Authors

Jeffrey A. Hawkes, Uppsala Biomedicinska Centrum
Juliana D'Andrilli, Louisiana Universities Marine Consortium
Jeffrey N. Agar, Northeastern University
Mark P. Barrow, The University of Warwick
Stephanie M. Berg, University of Wisconsin-Madison
Núria Catalán, Catalan Institute for Water Research
Hongmei Chen, Old Dominion University
Rosalie K. Chu, Environmental Molecular Sciences Laboratory
Richard B. Cole, Sorbonne Universite
Thorsten Dittmar, Universität Oldenburg
Rémy Gavard, The University of Warwick
Gerd Gleixner, Max Planck Institute for Biogeochemistry
Patrick G. Hatcher, Old Dominion University
Chen He, State Key Laboratory of Heavy Oil Processing
Nancy J. Hess, Environmental Molecular Sciences Laboratory
Ryan H.S. Hutchins, University of Alberta
Amna Ijaz, Michigan Technological UniversityFollow
Hugh E. Jones, The University of Warwick
William Kew, Environmental Molecular Sciences Laboratory
Maryam Khaksari, Michigan Technological UniversityFollow
Diana Catalina Palacio Lozano, The University of Warwick
Jitao Lv, Research Center for Eco-Environmental Sciences Chinese Academy of Sciences
Lynn Mazzoleni, Michigan Technological UniversityFollow
Beatriz E. Noriega-Ortega, Leibniz-Institute of Freshwater Ecology and Inland Fisheries
Helena Osterholz, Universität Oldenburg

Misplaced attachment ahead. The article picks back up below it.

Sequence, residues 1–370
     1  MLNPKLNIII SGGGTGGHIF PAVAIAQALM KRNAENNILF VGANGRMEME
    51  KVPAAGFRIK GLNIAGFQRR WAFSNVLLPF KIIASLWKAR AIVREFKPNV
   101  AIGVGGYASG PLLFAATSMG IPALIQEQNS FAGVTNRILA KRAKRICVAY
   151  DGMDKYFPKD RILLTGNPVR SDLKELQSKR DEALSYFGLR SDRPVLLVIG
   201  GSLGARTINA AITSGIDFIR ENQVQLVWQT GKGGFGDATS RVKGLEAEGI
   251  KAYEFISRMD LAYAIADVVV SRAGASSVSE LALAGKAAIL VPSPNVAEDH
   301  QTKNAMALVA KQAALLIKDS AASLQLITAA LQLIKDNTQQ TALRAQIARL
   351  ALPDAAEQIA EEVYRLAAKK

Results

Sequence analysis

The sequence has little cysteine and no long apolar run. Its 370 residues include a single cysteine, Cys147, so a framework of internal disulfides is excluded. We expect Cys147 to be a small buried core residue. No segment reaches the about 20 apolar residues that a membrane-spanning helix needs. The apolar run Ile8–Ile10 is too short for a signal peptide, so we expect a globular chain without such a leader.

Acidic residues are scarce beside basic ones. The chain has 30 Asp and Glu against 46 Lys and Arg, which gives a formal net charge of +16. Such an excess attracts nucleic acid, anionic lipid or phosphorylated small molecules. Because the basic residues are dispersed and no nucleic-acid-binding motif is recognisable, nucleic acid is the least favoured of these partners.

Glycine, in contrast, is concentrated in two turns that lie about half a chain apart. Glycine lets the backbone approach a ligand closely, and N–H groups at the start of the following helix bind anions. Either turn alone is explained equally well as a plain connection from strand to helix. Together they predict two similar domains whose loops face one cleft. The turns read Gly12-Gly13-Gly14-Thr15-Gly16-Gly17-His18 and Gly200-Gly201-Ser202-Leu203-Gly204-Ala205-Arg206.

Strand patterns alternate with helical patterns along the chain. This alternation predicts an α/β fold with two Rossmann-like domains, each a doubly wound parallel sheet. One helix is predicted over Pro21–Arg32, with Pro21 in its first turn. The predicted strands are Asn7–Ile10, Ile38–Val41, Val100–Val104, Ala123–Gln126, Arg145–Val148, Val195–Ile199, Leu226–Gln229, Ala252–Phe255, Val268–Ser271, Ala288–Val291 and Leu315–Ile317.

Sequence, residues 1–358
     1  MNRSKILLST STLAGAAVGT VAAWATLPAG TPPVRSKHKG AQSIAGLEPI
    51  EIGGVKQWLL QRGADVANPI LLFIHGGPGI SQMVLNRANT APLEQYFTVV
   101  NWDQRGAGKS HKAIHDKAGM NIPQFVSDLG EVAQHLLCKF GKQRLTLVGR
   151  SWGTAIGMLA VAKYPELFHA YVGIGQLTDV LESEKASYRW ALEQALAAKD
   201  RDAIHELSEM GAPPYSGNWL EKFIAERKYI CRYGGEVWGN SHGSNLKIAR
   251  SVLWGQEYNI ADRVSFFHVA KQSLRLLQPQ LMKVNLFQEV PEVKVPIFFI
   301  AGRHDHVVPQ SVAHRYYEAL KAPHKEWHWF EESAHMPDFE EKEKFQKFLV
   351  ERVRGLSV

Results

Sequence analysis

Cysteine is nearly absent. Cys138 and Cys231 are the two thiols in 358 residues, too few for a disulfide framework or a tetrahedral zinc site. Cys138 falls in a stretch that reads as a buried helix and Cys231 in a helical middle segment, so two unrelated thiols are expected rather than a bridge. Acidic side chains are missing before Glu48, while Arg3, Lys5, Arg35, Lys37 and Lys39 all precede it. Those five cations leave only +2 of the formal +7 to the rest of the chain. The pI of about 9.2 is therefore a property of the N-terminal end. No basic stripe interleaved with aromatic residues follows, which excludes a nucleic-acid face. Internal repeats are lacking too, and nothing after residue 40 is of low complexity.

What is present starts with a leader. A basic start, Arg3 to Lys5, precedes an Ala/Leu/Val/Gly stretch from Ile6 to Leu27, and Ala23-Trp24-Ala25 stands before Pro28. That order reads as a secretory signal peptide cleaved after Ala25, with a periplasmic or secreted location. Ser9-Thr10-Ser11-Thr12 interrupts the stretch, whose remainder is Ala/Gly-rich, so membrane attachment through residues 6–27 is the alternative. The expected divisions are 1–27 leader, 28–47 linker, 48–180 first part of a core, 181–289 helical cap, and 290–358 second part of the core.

Nikola Radoman, Stockholms universitet
Shuzhen Zhang, Chinese Academy of Sciences
Phoebe Zito, University of New Orleans, New Orleans
David C. Podgorski, University of New Orleans, New Orleans

Document Type

Article

Publication Date

6-1-2020

Department

Department of Chemistry

Abstract

High-resolution mass spectrometry (HRMS) has become a vital tool for dissolved organic matter (DOM) characterization. The upward trend in HRMS analysis of DOM presents challenges in data comparison and interpretation among laboratories operating instruments with differing performance and user operating conditions. It is therefore essential that the community establishes metric ranges and compositional trends for data comparison with reference samples so that data can be robustly compared among research groups. To this end, four identically prepared DOM samples were each measured by 16 laboratories, using 17 commercially purchased instruments, using positive-ion and negative-ion mode electrospray ionization (ESI) HRMS analyses. The instruments identified ~1000 common ions in both negative- and positive-ion modes over a wide range of m/z values and chemical space, as determined by van Krevelen diagrams. Calculated metrics of abundance-weighted average indices (H/C, O/C, aromaticity, and m/z) of the commonly detected ions showed that hydrogen saturation and aromaticity were consistent for each reference sample across the instruments, while average mass and oxygenation were more affected by differences in instrument type and settings. In this paper we present 32 metric values for future benchmarking. The metric values were obtained for the four different parameters from four samples in two ionization modes and can be used in future work to evaluate the performance of HRMS instruments.

Publisher's Statement

© 2020 The Authors. Limnology and Oceanography: Methods published by Wiley Periodicals, Inc. on behalf of Association for the Sciences of Limnology and Oceanography

Publication Title

Limnology and Oceanography: Methods

Creative Commons License

Creative Commons Attribution 4.0 License
This work is licensed under a Creative Commons Attribution 4.0 License.

Version

Publisher's PDF

Included in

Chemistry Commons

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